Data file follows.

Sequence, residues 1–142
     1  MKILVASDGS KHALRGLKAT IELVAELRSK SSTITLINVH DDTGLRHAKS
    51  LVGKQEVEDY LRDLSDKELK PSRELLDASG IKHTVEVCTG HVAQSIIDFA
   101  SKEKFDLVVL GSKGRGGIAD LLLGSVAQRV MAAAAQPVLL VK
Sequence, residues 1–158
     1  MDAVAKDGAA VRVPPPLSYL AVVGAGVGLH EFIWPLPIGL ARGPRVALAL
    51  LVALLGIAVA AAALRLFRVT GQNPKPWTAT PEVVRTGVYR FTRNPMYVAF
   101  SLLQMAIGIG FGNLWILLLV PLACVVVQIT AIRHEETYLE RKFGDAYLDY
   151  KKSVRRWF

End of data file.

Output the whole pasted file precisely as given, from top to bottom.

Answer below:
Sequence, residues 1–142
     1  MKILVASDGS KHALRGLKAT IELVAELRSK SSTITLINVH DDTGLRHAKS
    51  LVGKQEVEDY LRDLSDKELK PSRELLDASG IKHTVEVCTG HVAQSIIDFA
   101  SKEKFDLVVL GSKGRGGIAD LLLGSVAQRV MAAAAQPVLL VK
Sequence, residues 1–158
     1  MDAVAKDGAA VRVPPPLSYL AVVGAGVGLH EFIWPLPIGL ARGPRVALAL
    51  LVALLGIAVA AAALRLFRVT GQNPKPWTAT PEVVRTGVYR FTRNPMYVAF
   101  SLLQMAIGIG FGNLWILLLV PLACVVVQIT AIRHEETYLE RKFGDAYLDY
   151  KKSVRRWF